This article will help you keep your Inbox clean, by showing ways to file mail quickly.

Auto Filing vs. Auto Tagging E-mail, to Get E-mail Under Control

Aug 20, 2008

Many of you may auto file some or much of your Outlook mail. This is the act of creating an Outlook rule to automatically move mail into a specific folder as the mail arrives; the rule looks for mail from certain senders or with certain keywords. This can work well to lower apparent e-mail you get, however it can be risky at times and there are better ways to do it. Read on to learn more. Note: much of this article is a new perspective on material already in the book, and at the end of this article I give a new tip not discussed there.

Auto filing is clearly a valuable way to keep your Outlook Inbox volume lower by never letting some mail get into the Inbox in the first place, while still allowing you to capture that mail for later review. You can keep potentially hundreds of messages out of your Inbox. The big potential disadvantage to auto filing is this: since most people (including you I bet) rarely if ever read their filed mail, you will likely never see that e-mail again, which can be bad if some of the mail turns out to be important and/or timely.

The safest use of auto filing is for subscription style mail: news feeds and so on, that you have a faint interest in and hope to someday study or search through, but that you know will never contain anything business critical. In cases like that, auto-filing can be a good solution.

However, I say do not auto file categories of e-mail that may have timely and important content to it. For example some e-mail gurus say to auto file any mail for which you are not the primary recipient (i.e. all cc’d mail), and then study it later. I think that’s crazy; sometimes cc’d mail can be topic and time critical in the business world, and missing an important announcement could be career limiting. Face it, how diligent will you be to go read that filed mail in a timely manner?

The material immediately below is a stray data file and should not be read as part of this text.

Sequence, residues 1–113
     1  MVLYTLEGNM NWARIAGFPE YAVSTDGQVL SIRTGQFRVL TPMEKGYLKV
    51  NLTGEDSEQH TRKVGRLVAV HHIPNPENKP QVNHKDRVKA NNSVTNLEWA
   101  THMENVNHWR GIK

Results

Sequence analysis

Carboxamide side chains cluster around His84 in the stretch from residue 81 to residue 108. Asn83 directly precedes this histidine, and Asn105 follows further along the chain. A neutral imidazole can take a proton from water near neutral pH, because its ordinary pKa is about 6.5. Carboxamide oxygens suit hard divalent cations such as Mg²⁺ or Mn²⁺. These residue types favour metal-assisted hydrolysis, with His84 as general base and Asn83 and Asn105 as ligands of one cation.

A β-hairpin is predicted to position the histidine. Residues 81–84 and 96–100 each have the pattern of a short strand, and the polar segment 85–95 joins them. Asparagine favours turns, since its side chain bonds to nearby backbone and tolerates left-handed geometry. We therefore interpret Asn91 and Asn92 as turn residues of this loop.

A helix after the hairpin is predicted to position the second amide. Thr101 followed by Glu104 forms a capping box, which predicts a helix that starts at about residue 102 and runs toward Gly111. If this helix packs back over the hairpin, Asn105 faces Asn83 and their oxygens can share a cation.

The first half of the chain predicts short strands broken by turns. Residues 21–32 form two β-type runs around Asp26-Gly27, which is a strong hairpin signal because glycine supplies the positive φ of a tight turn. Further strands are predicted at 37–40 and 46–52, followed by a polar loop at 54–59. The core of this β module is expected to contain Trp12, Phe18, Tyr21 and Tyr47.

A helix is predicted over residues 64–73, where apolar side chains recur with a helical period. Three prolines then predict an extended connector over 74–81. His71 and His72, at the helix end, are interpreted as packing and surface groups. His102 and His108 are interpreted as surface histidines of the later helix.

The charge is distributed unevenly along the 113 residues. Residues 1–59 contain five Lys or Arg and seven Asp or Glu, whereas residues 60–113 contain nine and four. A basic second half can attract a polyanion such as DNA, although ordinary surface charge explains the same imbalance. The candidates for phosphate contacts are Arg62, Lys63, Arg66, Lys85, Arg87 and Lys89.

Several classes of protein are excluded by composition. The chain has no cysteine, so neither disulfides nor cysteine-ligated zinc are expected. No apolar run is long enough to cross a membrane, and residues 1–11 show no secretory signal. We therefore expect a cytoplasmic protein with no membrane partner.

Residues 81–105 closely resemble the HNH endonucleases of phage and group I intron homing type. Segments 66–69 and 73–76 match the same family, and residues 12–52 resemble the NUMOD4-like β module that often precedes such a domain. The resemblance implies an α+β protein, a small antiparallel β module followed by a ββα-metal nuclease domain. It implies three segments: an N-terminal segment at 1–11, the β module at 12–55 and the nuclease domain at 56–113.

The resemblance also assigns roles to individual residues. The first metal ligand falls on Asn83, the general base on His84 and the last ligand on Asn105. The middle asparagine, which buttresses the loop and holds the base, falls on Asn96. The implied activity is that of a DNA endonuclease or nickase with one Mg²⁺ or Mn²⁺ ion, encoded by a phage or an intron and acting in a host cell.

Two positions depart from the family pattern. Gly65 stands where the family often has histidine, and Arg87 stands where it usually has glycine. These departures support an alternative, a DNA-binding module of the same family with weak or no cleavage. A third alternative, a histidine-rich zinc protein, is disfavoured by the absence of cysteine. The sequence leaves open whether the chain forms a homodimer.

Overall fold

The Better Solution: Auto Tagging

A better solution for this and many other types of mail you might want to auto file is to use auto tagging of incoming mail, and combine that with bulk filing at the end of the day or week. The huge advantage to auto-tagging is it leaves the mail in the Inbox until you drag it all at once to a bulk filing location (the Processed Mail folder, per the book) later that day or week. That way you can scan titles and senders and decide if you need to read a piece of mail before you stuff it all away.

Since it is tagged, you can use Outlook grouping capabilities to show folder-like groups around tagged mail in its bulk location, to help organize and find the mail. See pages 151 to 172 in the Total Workday Control Using Microsoft Outlook 2nd Ed. for a complete discussion of tagging, and then read pages 235 to 240 for how to set up rules around category tags in Outlook. Also consider using ClearContext rules instead of Outlook rules.

This is so easy to do you will likely start doing it for mail you never would have considered auto-filing before, just to avoid the effort of filing later. I reached the point where 70 percent of my incoming mail was auto-tagged and so all I needed to do was drag it all to one folder at the end of the day (after scanning titles and senders for important content and tasks). Once there, all my mail was neatly grouped into folder-like category groups for easy searching. It’s a great solution for those that like topic filing.

New Tip (not in the book):

Replacement for auto-filing “safe” mail. For mail that you know you can auto file safely without reading first (from news feeds say), instead of doing it the traditional way (writing a rule to move it to one of many topic named folders), or even doing this as described above, here is a new approach. Write a rule that both assigns the category and moves it to the Processed Mail folder. You get the best of both worlds that way: category filing in one folder, and no trip through the Inbox. In the Outlook rules wizard, you can check both activities to accomplish this, as shown in the screen shot below. Replace step 9 on page 238 with this setting to achieve that end for those categories of mail you never want to see in the Inbox, but which may want to search through later.